Oil shale ash is produced by burning oil shale. It contains 30-40% CaO, 1.5-3.8% MgO, impurities of compounds of potassium, sodium, phosphorus, sulfur, some microelements. It is a dust-like material and is used in the Baltic States and Belarus.
According to Russian normative requirements (TU 46-7-71) for shale ash:
- neutralizing capacity should be not less than 60% CaCO3;
- moisture content no more than 2%;
- by particle size distribution 97% of the mass must be less than 1 mm.
Most of the calcium and magnesium in the ash is contained in the form of silicic acid forms, which are less soluble than CaCO3, so the neutralization of acidity is much slower. Even at high doses (20 t/ha) ash has a positive effect on crops poorly tolerant to excess calcium (flax, potatoes).
Defecation mud (defecate)
Defecation mud, or defecate, is a waste product from sugar beet factories containing CaCO3 and Ca(OH)2.
According to the Russian regulatory documents (TU 570-74) defecate of the first class is subject to the requirements:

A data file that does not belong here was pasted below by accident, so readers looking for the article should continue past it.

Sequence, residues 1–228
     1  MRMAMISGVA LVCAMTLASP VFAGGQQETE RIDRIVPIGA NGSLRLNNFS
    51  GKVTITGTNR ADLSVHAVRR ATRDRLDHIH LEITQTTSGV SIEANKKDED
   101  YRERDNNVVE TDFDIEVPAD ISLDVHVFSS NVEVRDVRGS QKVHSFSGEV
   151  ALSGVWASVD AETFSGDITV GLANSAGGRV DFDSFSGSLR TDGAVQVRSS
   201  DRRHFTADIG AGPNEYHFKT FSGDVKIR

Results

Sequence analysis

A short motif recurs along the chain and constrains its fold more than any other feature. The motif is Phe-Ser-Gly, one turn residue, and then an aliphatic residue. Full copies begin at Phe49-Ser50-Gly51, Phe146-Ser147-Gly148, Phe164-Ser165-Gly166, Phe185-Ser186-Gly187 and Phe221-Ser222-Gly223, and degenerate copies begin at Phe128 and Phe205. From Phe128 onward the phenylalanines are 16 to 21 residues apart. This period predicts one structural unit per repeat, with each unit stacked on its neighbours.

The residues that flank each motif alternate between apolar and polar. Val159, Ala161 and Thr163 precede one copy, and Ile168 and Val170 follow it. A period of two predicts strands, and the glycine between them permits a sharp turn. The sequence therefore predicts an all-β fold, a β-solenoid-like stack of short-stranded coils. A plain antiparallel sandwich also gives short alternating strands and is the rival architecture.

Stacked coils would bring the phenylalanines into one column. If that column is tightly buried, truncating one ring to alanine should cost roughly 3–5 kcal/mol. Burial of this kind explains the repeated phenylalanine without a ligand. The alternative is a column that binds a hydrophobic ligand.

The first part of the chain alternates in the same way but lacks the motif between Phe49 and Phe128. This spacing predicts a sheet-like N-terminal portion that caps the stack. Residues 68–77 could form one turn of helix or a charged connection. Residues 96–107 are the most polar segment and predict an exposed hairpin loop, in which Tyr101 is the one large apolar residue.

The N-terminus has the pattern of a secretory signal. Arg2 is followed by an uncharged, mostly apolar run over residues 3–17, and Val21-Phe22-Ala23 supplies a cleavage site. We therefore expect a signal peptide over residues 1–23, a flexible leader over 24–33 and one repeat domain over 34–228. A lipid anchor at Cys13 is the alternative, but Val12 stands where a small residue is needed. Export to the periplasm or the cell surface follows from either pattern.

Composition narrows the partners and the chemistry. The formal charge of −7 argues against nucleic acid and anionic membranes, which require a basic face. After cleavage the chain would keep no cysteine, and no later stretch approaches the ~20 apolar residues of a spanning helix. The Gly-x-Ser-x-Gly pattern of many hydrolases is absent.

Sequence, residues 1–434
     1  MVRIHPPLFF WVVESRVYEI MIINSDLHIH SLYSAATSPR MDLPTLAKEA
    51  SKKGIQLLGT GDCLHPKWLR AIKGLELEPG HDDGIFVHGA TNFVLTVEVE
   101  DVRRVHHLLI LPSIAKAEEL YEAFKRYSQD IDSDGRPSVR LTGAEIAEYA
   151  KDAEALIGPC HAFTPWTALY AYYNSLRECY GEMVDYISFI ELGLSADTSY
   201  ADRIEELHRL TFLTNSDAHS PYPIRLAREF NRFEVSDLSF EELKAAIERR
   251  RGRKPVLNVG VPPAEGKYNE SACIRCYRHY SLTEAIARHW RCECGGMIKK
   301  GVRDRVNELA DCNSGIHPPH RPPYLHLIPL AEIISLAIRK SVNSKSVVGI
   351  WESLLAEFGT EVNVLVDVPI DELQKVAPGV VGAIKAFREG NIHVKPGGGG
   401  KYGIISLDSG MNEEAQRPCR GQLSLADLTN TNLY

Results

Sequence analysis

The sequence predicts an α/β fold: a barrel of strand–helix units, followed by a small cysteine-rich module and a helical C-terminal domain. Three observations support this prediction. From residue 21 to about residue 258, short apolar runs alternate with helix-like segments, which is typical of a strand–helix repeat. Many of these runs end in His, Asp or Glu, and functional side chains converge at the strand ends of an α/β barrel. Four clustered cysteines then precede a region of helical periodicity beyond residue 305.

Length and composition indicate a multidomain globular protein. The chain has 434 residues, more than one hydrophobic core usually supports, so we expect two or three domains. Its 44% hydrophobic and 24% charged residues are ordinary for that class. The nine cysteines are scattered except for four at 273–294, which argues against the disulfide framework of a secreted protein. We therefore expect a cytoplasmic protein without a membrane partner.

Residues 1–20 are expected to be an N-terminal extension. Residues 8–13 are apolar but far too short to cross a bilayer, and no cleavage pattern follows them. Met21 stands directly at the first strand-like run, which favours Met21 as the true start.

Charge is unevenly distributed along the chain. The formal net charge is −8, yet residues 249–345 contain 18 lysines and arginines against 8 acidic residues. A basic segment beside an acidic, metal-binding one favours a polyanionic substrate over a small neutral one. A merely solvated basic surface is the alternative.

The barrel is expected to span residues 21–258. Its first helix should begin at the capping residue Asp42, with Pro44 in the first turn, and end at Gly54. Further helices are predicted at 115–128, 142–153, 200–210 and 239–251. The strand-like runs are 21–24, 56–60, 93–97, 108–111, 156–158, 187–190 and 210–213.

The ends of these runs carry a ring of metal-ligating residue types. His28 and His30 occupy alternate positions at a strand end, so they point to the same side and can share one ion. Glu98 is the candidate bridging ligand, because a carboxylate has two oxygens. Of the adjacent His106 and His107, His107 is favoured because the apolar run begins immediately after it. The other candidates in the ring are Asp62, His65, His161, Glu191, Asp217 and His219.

- neutralizing ability should correspond to the content of CaCO3 not less than 60%;
- moisture content – no more than 20%.
For defecate of the second class:
- neutralizing capacity – not less than 40% CaCO3;
- moisture content – not more than 30%.
Defecate with 20-30% moisture content is loose and contains 10-15% of organic matter, 0.2-0.7% of nitrogen, 0.2-0.9 P2O5 and 0.3-1.0% of K2O. When applied in CaO-equivalent amounts, defecate is superior to lime flour in terms of efficiency for all crops. Defecate is important not only on acidic soils, but also on chernozem soils in the areas of sugar beet cultivation.
Steelmaking slag – open-hearth, electric steelmaking, blast furnace slag.
According to the Russian regulatory requirements (ChMTU 11-37-69) they have the following requirements:
- neutralizing capacity must be not less than 80% CaCO3;
- humidity not more than 2%;
- particle size distribution: 70% of the mass must have a particle size of less than 0.25 mm, 90% less than 0.5 mm.
Most of the calcium is contained in the form of silicates, which are less soluble than CaCO3. For this reason, the effectiveness of steelmaking slag as a lime fertilizer depends on the fineness of the grinding.